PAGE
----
Some traits are obviously adaptive, such as antibiotic resistance in bacteria. Because scientists understand the selective force — humans added the antibiotics — they know that the evolutionary change they observe is a response to that selection. The increase in frequency in the population of antibiotic-resistant bacteria is an adaptation to the presence of antibiotics.
Other traits are obviously not adaptations. An example is a change at the level of the DNA that doesn't result in a change in the way a gene works or is expressed. Traits of this type are selectively neutral: They don't change the fitness of the organisms that carry them, so their frequency increases or decreases based solely on random factors (see Chapter 6 for details). And any change caused by random factors rather than selection isn't an adaptation.
Some traits that may seem to be adaptive aren't necessarily adaptations. Maybe the traits exist for reasons that we don't understand — developmental constraints, past events, whatever. The point is that although the traits appear to serve some purposeful function, that function had nothing to do with their evolution. In a paper written in 1979, Stephen Jay Gould and Richard C. Lewontin warn evolutionary biologists not to confuse current purpose with past adaptations. To make this point, they wrote about the spandrels of St. Mark's Cathedral in Venice.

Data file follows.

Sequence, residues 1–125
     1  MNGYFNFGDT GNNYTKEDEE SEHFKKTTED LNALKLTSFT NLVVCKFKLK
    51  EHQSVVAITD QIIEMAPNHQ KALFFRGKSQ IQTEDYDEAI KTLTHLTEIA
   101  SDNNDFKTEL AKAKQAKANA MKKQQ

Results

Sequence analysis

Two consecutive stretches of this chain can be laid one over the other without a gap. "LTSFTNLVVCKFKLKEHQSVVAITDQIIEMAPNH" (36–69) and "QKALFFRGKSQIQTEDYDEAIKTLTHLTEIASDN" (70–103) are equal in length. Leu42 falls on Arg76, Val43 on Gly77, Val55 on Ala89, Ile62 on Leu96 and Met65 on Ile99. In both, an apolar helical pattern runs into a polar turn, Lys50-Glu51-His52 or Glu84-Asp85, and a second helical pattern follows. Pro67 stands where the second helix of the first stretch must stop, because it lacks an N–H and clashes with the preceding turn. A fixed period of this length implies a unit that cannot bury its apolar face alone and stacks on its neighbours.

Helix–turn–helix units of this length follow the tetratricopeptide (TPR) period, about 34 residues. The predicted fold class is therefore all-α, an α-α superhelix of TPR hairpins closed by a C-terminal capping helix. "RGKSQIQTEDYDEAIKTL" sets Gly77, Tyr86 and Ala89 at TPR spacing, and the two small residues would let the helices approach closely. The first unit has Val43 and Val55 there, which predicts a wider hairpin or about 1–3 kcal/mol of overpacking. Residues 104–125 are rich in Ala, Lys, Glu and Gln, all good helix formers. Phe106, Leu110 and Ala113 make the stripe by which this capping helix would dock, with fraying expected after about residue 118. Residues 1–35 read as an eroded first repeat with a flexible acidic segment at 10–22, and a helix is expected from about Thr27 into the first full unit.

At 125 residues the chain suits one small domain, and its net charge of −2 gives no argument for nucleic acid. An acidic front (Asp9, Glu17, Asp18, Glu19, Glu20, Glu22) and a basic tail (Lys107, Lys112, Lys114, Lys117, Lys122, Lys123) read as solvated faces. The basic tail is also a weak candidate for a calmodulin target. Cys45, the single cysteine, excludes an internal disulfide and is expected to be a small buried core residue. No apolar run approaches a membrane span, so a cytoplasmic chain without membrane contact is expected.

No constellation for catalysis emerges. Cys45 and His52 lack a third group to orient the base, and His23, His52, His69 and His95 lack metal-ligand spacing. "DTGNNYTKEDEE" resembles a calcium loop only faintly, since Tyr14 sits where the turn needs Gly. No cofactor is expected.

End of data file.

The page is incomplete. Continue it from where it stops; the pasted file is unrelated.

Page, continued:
A spandrel is a structure connecting the dome to the rest of the roof in a particular type of architecture. And in St. Mark's, the spandrels have been painted so amazingly, you'd think that they exist solely for the purpose of bearing the remarkable images. Wrong! The spandrels are just necessary consequences of how the rest of the structure is put together, meaning their purpose is solely architectural, not artistic. But that doesn't mean they didn't make a decent canvas for the artists who added the pictures later.
Unfortunately, the distinction between adaptive and non-adaptive traits isn't always obvious. Some traits appear to be adaptations but aren't. Why is knowing the difference important? Because you don't want to be fooled. Stating that things are adaptations that actually aren't can lead to errors in the way you interpret data.
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